Stockpiled-Tabs Stromateis

• Cheers to the Lib Dems, for standing up to Labour and the Tories over the blighted Digital Economy Bill (that’s so unpopular the corporate-beholden front-benchers won’t permit open debate by the people’s elected representatives); perhaps the Lib Dems can prick the conscience of the Parliament (but I’m not holding my breath).
• On a related note, Stephanie Booth blogs about the relation of performance (writing, acting, music-making) and digital publication (hat tip, Suw). Listen: I have wanted to be in a rock band since the early sixties, and at no point was I motivated by money. I have wanted to play baseball for the Baltimore Orioles, with no concern for the salary. I have written and edited a number of books, and the return on the number of the hours of my life that went into those efforts is probably well below minimum wage. We do these things for other reasons — most of us, anyway.
    So if John Darnielle were to call me up and ask me to tour Europe with him as a back-up vocalist, I wouldn’t ask how much I’d be paid. If the Orioles called me and said they needed a no-field, no-hit, slow-running outfielder, I’d be telling them my uniform size. And others who are better musicians and outfielders than I am would be even more likely to take the stage, or field, or whatever.
    Even if no one paid performers anything at all — absolute zero payment — music, sport, and writing wouldn’t stop. So when people start talking in apocalyptic terms about the disappearance of all your favourite performers in whatever field of endeavour, you can reasonably just stop listening to them. They’re scaremongering, not reasoning.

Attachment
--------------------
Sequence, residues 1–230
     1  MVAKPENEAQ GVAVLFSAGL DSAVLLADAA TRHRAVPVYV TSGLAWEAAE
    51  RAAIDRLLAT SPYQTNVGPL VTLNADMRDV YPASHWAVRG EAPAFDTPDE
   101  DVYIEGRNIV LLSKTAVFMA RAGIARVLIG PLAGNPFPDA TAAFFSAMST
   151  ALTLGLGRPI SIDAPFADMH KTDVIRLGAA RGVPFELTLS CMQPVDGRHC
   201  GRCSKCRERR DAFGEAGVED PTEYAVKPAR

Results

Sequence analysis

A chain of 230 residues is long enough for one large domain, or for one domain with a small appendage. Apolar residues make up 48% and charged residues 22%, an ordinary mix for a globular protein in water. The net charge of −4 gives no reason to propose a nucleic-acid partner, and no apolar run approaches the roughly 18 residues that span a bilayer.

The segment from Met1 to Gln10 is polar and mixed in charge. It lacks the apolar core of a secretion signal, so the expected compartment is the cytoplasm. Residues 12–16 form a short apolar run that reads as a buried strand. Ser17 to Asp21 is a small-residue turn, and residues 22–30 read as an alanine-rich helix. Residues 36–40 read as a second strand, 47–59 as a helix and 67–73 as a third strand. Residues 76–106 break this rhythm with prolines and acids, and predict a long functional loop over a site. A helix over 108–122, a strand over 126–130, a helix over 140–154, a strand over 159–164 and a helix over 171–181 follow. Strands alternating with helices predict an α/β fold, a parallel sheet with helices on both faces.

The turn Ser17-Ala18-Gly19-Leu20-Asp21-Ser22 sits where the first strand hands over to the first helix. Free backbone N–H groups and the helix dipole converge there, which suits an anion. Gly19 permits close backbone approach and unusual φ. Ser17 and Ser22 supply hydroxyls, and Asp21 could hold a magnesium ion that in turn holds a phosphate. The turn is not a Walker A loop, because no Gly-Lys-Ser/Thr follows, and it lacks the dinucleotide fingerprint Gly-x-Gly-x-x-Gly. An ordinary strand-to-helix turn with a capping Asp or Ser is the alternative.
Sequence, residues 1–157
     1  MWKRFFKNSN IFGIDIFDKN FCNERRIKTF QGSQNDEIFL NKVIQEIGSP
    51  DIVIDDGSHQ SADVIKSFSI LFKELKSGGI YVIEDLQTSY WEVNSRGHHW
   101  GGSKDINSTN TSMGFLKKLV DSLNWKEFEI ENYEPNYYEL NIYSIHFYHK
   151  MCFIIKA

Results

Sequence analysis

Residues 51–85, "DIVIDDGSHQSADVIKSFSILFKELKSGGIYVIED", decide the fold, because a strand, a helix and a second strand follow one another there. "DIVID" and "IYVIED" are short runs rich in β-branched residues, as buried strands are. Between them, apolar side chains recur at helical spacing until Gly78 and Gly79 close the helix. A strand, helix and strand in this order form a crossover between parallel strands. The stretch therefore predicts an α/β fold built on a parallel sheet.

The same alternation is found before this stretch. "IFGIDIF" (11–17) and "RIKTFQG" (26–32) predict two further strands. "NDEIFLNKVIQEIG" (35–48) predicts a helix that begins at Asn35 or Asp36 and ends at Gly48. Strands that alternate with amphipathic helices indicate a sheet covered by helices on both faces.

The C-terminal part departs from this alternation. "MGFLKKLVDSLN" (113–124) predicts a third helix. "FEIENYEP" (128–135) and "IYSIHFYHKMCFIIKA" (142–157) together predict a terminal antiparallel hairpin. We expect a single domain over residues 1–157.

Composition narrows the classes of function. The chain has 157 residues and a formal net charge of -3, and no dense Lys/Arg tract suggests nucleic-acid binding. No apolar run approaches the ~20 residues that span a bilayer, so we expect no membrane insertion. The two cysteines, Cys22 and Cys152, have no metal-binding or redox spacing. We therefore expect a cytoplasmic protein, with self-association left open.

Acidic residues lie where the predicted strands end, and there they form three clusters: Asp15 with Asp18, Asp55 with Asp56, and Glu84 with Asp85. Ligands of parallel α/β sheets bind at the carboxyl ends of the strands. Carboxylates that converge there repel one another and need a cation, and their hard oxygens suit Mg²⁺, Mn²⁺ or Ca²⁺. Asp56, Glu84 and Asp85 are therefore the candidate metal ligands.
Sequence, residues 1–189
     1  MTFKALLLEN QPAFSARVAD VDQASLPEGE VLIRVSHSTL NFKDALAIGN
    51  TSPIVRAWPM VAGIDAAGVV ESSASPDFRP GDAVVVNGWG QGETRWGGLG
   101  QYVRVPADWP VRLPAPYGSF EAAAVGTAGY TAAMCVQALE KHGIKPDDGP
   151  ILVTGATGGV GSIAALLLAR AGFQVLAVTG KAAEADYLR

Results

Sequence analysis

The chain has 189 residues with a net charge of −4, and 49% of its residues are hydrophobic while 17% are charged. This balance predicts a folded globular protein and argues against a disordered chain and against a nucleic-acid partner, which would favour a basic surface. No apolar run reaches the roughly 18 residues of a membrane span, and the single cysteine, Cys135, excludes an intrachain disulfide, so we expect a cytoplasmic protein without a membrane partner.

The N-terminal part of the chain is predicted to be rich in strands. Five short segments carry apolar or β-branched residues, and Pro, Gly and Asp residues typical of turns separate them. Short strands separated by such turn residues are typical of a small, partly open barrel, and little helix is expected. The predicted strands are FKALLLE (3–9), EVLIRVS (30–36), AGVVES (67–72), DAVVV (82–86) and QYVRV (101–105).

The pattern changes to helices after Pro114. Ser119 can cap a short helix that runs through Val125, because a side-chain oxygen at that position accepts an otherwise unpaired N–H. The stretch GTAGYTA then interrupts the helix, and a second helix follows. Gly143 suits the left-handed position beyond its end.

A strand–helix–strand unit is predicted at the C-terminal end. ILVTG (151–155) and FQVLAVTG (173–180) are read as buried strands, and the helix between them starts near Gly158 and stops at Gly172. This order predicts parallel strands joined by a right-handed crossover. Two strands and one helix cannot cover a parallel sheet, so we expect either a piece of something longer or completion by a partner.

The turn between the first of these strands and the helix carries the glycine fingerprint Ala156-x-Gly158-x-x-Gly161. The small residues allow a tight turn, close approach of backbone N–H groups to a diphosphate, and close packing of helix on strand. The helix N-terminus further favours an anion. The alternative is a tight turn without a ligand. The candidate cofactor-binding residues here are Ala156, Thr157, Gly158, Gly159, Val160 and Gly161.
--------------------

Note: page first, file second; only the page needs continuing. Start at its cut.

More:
What has happened in the past, what is happening around us right now, what will happen again and again in the future, is that the ways people reward and encourage various human endeavours change. The responsible way forward at this moment involves taking change seriously, and seeing how to work with it. If you are unwilling to float along with the flow of the current, at least seek out a backwater in which to stagnate; don’t try to dam up the river (especially now that the waters are flooding at an ever-increasing rate).
• And from cartel-ised digital culture to cartel-ised educational culture, Michael Feldstein has a fine column on Anya Kamenetz and the Open Education Movement. Change is coming for education, too, and it involves using digital technologies in ways that may look like “piracy.” But MIT and Yale can afford to offer courses on the internet, because they function not solely as dispensers of teaching, but also as accreditors of learning — and since their attestation is very highly valued, they can give away the teaching and still charge for the degree. Once this model takes root and more clearly constitutes an integral part of the role of academies, it will engender knock-on effects that will change the academies themselves in dramatic ways. But the academies aren’t going away any time soon — no, sirree.

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